While it may not be a food lover’s paradise, Magong city has a variety of restaurants and cafés serving a good range of food. Taiwanese style cuisine is the main fare with the staple on the menu being Penghu’s famous seafood selection. From huǒguō (hot pot), chǎofàn or chǎomiàn (fried rice or noodles), deliciously prepared seafood, to pizza, pasta and sushi; there’s almost something for everyone. It pays to note though, the Western food is made Taiwanese style to suit the local tastes and can vary a bit from what you’re used to.

Vegetarians won’t go hungry here either; the city has quite a few vegetarian restaurants serving good food. Though some of them are buffet-style and invariably every dish contains MSG; there are a few other places serving delicious freshly made meals without the added flavour enhancers. Many non-vegetarian places will be accommodating, you just need to ask.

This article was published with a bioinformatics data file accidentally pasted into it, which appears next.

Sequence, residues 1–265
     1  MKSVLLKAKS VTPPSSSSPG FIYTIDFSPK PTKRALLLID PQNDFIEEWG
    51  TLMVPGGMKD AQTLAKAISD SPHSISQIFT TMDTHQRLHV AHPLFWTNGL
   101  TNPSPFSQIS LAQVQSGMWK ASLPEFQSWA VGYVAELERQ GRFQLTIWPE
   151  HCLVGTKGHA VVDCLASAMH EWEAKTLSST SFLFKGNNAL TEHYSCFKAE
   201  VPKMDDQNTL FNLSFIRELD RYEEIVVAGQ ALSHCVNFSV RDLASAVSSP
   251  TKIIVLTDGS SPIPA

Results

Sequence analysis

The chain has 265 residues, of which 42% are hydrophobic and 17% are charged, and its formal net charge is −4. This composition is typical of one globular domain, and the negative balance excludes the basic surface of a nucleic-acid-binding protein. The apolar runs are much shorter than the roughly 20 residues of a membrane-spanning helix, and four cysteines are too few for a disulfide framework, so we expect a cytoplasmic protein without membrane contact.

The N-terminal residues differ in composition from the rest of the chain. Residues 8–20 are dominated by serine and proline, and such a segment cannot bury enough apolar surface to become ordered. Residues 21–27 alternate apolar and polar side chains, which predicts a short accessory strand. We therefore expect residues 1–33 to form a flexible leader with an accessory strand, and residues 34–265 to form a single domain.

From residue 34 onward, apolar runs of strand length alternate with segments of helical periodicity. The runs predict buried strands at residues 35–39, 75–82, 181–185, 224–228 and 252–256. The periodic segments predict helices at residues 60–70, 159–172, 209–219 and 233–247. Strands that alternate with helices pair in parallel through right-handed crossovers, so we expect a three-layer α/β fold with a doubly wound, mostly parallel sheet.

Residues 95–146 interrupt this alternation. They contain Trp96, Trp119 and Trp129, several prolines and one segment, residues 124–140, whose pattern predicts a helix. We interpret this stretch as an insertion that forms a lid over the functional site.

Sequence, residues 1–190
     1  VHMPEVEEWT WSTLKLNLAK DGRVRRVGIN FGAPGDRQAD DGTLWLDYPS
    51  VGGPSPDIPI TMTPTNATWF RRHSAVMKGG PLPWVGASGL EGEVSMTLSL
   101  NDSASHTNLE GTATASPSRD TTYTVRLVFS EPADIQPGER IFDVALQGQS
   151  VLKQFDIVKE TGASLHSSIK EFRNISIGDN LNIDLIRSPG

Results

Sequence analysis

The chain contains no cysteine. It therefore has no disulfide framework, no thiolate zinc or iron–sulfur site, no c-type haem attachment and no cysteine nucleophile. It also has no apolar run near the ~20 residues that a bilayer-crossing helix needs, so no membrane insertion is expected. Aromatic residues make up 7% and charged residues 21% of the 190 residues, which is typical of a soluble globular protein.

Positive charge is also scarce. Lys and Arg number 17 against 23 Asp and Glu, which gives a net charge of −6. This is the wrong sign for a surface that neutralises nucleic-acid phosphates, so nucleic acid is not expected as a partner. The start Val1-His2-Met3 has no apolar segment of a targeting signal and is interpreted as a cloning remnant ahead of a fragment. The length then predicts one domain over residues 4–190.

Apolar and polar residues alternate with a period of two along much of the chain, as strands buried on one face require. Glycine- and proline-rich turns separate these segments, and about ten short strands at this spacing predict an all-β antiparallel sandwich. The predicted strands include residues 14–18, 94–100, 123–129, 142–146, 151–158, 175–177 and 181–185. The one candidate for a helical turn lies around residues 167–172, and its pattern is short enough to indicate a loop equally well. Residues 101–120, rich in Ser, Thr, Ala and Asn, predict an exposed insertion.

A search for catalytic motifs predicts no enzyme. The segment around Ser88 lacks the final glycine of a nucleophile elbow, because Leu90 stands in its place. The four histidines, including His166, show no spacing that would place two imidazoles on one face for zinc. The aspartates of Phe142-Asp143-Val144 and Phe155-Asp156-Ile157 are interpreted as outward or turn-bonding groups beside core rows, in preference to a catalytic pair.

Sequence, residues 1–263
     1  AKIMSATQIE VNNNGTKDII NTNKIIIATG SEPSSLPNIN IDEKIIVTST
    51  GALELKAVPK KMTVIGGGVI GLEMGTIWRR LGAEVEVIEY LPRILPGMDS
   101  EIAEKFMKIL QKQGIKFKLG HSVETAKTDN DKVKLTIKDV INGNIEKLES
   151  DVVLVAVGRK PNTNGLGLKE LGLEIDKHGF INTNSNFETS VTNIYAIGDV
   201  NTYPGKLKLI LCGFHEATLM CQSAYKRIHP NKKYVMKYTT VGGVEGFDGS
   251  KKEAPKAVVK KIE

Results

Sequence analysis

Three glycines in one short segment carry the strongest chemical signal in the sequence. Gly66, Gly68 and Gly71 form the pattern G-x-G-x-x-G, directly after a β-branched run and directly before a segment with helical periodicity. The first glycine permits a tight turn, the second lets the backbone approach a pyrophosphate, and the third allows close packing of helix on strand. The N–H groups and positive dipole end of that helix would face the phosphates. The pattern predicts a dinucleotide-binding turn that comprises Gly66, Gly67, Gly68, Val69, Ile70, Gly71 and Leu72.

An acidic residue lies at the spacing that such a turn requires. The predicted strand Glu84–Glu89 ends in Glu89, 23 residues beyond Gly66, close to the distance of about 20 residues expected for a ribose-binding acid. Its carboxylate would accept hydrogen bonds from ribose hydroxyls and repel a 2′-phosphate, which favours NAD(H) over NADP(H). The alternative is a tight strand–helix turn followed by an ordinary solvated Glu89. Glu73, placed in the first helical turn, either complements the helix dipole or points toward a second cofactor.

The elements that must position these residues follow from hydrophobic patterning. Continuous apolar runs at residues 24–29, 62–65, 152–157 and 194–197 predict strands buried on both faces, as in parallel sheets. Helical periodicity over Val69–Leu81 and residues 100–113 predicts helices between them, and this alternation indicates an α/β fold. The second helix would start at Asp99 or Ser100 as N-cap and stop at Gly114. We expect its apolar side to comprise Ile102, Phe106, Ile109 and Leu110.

Cafés and Bakeries

Luckily, Magong has an abundance of cafés that serve up some fairly decent coffee alongside snacks, breakfast, lunch and baked goods. There are a few dedicated bakeries in the city as well as a couple of bakery/cafés. All serve up yummy food and drinks, though some are perhaps quieter and more comfortable than others. Try out a few and see what works for you.

Street Vendors

Roadside snack stands are also a popular place to get filled up on goodies like dànbǐng (egg crepes), càibāo (stuffed veggie steamed bun) and chūnjuǎn (spring rolls). There are lots of other snacks, though most of them are fried.

Vendors are spread throughout the downtown area, with two special hotspots. Try looking for the clusters of vendors on MínQuán and MínShēng Roads for evening – late night street-side food. Otherwise just wander around town to see what you can find, you’re bound to come across a few stalls.

Markets and Supermarkets

If you’re lucky enough to be able to cook at home, get out to the local market and supermarkets to see what’s available. You’ll be surprised at what can you find, you’ll be cooking delicious meals in no time! It can sometimes be challenging when you can’t find the exact ingredients you’re looking for, however, it is an opportunity to try new things.



1 Response to EAT

  1. Pingback: Magong, Taiwan | There are No Foreign Lands

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